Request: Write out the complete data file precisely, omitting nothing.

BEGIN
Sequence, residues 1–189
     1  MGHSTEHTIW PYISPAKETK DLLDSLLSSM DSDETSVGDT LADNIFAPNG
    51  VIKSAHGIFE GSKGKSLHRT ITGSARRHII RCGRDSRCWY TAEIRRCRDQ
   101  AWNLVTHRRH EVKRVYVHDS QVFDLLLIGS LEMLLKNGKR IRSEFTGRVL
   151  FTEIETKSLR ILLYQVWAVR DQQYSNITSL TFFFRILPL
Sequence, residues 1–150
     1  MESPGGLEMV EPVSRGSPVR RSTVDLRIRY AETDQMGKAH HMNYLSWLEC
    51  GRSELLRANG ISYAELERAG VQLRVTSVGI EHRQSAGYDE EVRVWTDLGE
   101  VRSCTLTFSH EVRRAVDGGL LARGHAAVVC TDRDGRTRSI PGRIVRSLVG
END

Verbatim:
Sequence, residues 1–189
     1  MGHSTEHTIW PYISPAKETK DLLDSLLSSM DSDETSVGDT LADNIFAPNG
    51  VIKSAHGIFE GSKGKSLHRT ITGSARRHII RCGRDSRCWY TAEIRRCRDQ
   101  AWNLVTHRRH EVKRVYVHDS QVFDLLLIGS LEMLLKNGKR IRSEFTGRVL
   151  FTEIETKSLR ILLYQVWAVR DQQYSNITSL TFFFRILPL
Sequence, residues 1–150
     1  MESPGGLEMV EPVSRGSPVR RSTVDLRIRY AETDQMGKAH HMNYLSWLEC
    51  GRSELLRANG ISYAELERAG VQLRVTSVGI EHRQSAGYDE EVRVWTDLGE
   101  VRSCTLTFSH EVRRAVDGGL LARGHAAVVC TDRDGRTRSI PGRIVRSLVG